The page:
Nov 16 2017 Order further extending time to file response to petition to and including December 12, 2017.
    Dec 12 2017 Brief of respondent Jefferson B. Sessions, III, Attorney General in opposition filed.
    Dec 13 2017 Waiver of the 14-day waiting period under Rule 15.5 filed by petitioner.
    Dec 19 2017 Reply of petitioner Wescley Fonseca Pereira filed.
    Dec 20 2017 DISTRIBUTED for Conference of 1/5/2018.
    Jan 08 2018 DISTRIBUTED for Conference of 1/12/2018.
    Jan 12 2018 Petition GRANTED.
    Jan 25 2018 As Rule 34.6 provides, "If the Court schedules briefing and oral argument in a case that was governed by Federal Rule of Civil Procedure 5.2(c) or Federal Rule of Criminal Procedure 49.1(c), the parties shall submit electronic versions of all prior and subsequent filings with this Court in the case, subject to [applicable] redaction rules." Subsequent party and amicus filings in the case should now be submitted through the Court's electronic filing system, with any necessary redactions.
    Feb 21 2018 Brief of petitioner Wescley Fonseca Pereira filed.
    Feb 21 2018 Joint appendix filed. (Statement of costs filed.)
    Feb 23 2018 SET FOR ARGUMENT on Monday, April 23, 2018.
    Feb 28 2018 Brief amicus curiae of National Immigrant Justice Center filed.
    Feb 28 2018 Brief amici curiae of American Immigration Lawyers Association, et al. filed.
    Feb 28 2018 Brief amicus curiae of Former BIA Chairman & Immigration Judge Schmidt filed.
    Mar 07 2018 CIRCULATED
    Mar 23 2018 Brief of respondent Jefferson B. Sessions, III, Attorney General filed. (Distributed)
    Mar 30 2018 Record requested from U.S.C.A. 1st Circuit.
    Apr 02 2018 Record received from the U.S.C.A. 1st Circuit is electronic and located on PACER.
    Apr 13 2018 Reply of petitioner Wescley Fonseca Pereira filed. (Distributed)
    Apr 23 2018 Argued. For petitioner: David J. Zimmer, Boston, Mass. For respondent: Frederick Liu, Assistant to the Solicitor General, Department of Justice, Washington, D. C.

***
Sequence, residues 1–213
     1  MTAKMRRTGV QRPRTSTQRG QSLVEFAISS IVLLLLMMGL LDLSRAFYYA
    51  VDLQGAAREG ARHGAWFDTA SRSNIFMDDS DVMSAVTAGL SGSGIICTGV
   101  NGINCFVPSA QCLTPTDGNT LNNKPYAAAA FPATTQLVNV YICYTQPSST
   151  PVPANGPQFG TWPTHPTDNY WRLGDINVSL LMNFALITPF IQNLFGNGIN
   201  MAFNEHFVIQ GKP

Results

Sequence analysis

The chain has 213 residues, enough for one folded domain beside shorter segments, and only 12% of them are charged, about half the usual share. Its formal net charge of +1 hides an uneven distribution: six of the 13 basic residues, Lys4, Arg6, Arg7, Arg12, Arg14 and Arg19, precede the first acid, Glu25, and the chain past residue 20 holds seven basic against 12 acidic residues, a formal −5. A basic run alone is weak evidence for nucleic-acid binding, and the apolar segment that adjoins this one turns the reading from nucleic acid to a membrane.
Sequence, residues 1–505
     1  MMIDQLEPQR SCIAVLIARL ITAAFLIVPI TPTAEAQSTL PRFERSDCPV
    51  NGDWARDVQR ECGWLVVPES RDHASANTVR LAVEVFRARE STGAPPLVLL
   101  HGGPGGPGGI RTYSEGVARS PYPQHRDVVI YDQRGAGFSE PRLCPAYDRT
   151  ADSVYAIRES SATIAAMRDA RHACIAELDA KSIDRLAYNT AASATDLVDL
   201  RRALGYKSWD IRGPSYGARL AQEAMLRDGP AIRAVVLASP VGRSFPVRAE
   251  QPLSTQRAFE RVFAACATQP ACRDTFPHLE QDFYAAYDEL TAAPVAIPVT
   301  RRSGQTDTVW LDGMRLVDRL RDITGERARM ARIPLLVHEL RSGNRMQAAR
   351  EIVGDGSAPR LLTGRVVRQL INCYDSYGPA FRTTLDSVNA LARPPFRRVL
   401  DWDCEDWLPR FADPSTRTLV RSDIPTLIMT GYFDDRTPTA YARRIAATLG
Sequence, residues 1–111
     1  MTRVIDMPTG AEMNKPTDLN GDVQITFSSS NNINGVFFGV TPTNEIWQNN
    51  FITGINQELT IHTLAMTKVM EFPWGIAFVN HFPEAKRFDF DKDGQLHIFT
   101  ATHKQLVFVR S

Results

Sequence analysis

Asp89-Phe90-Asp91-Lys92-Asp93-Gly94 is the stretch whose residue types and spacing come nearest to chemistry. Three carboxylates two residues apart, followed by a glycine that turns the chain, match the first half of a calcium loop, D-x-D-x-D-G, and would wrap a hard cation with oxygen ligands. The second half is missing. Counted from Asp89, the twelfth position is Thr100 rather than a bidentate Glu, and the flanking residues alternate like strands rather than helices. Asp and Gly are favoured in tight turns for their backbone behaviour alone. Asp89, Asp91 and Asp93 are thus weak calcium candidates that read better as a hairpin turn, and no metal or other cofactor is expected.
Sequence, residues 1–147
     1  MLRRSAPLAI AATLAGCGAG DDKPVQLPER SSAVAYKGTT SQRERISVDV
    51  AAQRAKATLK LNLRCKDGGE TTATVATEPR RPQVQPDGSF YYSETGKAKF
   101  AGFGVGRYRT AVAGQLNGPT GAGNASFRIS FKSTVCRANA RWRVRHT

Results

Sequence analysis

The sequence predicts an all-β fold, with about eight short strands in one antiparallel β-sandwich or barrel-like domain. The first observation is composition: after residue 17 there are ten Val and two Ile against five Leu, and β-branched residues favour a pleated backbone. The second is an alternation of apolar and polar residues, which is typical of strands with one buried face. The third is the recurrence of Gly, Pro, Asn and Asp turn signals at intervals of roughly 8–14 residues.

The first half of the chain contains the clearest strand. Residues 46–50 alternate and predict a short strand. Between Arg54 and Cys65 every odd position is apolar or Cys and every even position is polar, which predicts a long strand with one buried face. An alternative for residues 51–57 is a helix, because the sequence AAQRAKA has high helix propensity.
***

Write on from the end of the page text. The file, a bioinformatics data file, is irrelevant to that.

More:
Jun 21 2018 Judgment REVERSED and case REMANDED. Sotomayor, J., delivered the opinion of the Court, in which Roberts, C. J., and Kennedy, Thomas, Ginsburg, Breyer, Kagan, and Gorsuch, JJ., joined. Kennedy, J., filed a concurring opinion. Alito, J., filed a dissenting opinion.

    http://www.scotusblog.com/case-files...ra-v-sessions/
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  3. #3
    Senior Member Judy's Avatar
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    It's completely absurd what's going on, incompetence at every level of the DOJ about every single thing related to immigration enforcement. It's 2 simple questions. And they can't even get that right. Deportation hearings have to be moved back to DHS where they belong. The sole purpose of a deportation "hearing" is just to double-check for any mistakes, to make sure the person is not a US citizen and does not have valid unexpired documents to be in the US, before the order is issued. That's it. Personally with all our computerization, we don't even need these stupid hearings any more. DHS does the checks, anyway, that's why they should be the ones to handle the deportation order.
    Beezer and jtdc like this.
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    Administrator ALIPAC's Avatar
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    Who is paying for all these expensive attornies for illegal aliens who claim to be fleeing poverty?
    Join our efforts to Secure America's Borders and End Illegal Immigration by Joining ALIPAC's E-Mail Alerts network (CLICK HERE)

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    Senior Member JohnDoe2's Avatar
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    Quote Originally Posted by ALIPAC View Post
    Who is paying for all these expensive attornies for illegal aliens who claim to be fleeing poverty?
    New Mission for Lawyers: Free Aid to Young Immigrants

    Original article from the Wall Street Journal
    By Miriam Jordan

    Attorneys Volunteer for Pro Bono Work Helping Central American Minors


    Lawyers are trained at Cooley LLP in San Francisco on representing minors who entered the U.S. illegally. Preston Gannaway for The Wall Street Journals

    In a departure from their usual clientele, attorneys at major U.S. law firms and corporations are volunteering to represent, at no cost, unaccompanied children who have entered the U.S. illegally.